In 1002 Religious leader, Pope Leo IX (1049-54) In 1732 Martha Washington, wife of President George Washington In 1774 Daniel D. Tompkins, 6th U.S. vice president (1817-25) In 1850 Artist, Daniel Beard (organized first Boy Scouts of America troop) In 1859 Black artist, Henry Ossawa Tanner In 1863 German astronomer, Max Wolf (discovered 228 asteroids) In 1891 German conductor, Hermann Scherchen In 1892 American theologian, Reinhold Niebuhr In 1903 Cartoonist, Al Hirschfeld (NY Times caricaturist) [d: 1-20-03] In 1905 French philosopher, Jean Paul Sarte (existentialism) [d: 4-15-80] In 1907 Attorney, William Shea (Shea Stadium named for him) [d: 10-30-91] In 1913 Screenwriter, Irving Shulman (Rebel Without A Cause) [d: 3-23-95] In 1918 Baseball player, Eddie Lopat (Yankees) [d: 6-15-92] In 1921 Actress, Jean Kent (Adventures of Sir Francis Drake) [d: 11-30-13] In 1921 Actress, Jane Russell (The Outlaw) [d: 2-28-11] In 1922 Actress, Judy Holliday (Born Yesterday, Adam's Rib) [d: 6-7-6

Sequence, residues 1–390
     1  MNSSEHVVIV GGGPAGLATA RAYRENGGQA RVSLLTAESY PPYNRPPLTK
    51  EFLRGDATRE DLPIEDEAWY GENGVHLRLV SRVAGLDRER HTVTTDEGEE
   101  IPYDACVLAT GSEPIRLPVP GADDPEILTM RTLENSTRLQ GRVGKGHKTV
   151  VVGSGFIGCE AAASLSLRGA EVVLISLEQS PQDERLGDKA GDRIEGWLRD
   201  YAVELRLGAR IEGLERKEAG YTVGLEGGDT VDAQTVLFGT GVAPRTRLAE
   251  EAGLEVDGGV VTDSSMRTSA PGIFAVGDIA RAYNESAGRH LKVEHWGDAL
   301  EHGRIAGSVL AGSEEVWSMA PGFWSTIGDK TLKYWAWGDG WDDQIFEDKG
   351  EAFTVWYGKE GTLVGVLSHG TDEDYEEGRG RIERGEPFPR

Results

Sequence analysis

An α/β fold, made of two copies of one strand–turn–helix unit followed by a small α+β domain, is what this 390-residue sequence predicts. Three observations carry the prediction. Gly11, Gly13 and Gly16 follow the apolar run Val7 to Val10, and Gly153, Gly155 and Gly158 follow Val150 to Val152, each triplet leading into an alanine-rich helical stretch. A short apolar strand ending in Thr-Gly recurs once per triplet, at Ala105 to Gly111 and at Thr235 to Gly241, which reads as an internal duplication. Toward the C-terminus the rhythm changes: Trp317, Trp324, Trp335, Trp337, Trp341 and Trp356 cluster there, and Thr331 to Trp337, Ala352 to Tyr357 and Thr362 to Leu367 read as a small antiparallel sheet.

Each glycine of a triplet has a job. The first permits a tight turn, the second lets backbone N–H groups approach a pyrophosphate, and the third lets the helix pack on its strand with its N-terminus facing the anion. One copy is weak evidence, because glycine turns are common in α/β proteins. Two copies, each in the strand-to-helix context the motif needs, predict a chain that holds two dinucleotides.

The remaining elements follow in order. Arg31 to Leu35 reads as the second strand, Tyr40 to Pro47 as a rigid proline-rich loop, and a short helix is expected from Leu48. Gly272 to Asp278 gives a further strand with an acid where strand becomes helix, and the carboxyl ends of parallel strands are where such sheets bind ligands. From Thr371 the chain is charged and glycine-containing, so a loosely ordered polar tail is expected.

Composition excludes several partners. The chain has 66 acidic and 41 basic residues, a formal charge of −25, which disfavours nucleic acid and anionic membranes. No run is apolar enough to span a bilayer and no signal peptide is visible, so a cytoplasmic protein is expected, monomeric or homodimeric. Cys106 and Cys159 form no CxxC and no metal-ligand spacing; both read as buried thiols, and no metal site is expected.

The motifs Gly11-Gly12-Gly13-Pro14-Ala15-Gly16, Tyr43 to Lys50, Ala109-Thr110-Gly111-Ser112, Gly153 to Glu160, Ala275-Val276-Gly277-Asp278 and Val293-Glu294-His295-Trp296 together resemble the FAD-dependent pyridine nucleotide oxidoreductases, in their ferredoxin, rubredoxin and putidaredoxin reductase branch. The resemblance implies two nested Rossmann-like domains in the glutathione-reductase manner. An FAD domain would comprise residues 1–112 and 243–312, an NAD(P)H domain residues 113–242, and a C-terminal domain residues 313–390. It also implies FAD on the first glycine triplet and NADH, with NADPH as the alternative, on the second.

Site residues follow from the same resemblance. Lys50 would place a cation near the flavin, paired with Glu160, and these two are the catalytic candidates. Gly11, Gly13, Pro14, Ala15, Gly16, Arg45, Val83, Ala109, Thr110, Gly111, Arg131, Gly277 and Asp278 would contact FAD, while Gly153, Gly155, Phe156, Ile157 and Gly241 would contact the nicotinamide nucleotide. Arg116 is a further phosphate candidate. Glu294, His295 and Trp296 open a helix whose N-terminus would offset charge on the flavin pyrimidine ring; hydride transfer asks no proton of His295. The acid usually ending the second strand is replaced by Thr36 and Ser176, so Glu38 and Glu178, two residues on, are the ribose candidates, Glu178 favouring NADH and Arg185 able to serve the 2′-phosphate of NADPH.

( First For Women ) Cheap, powerful, and (when used correctly) non-toxic, hydrogen peroxide could be the hardest working cleaner in your arsenal - if you used it correctly. A lot of people are put off (understandably) by the scary-sounding name, but there's nothing to fear. As a cleaning product, it's perfect -- and here are things you should be cleaning with it. Cutting Boards After using your chopping board to cut raw meat, wash it with hydrogen peroxide (dab some on with paper towel and rinse off with water) to remove bacteria. For bonus cleaning points, cover the board with salt (don't use your exxy truffle salt for this one) and rinse. Leave it in the sun to dry. Toothbrushes Think about it: your toothbrush is covered with germs from the inside of your mouth. And then you use it, night after night, to clean your mouth? It doesn't add up, right? Soak your toothbrush in a little HP every few days to clear it of unwanted bacteria. Your dentist will thank you (or maybe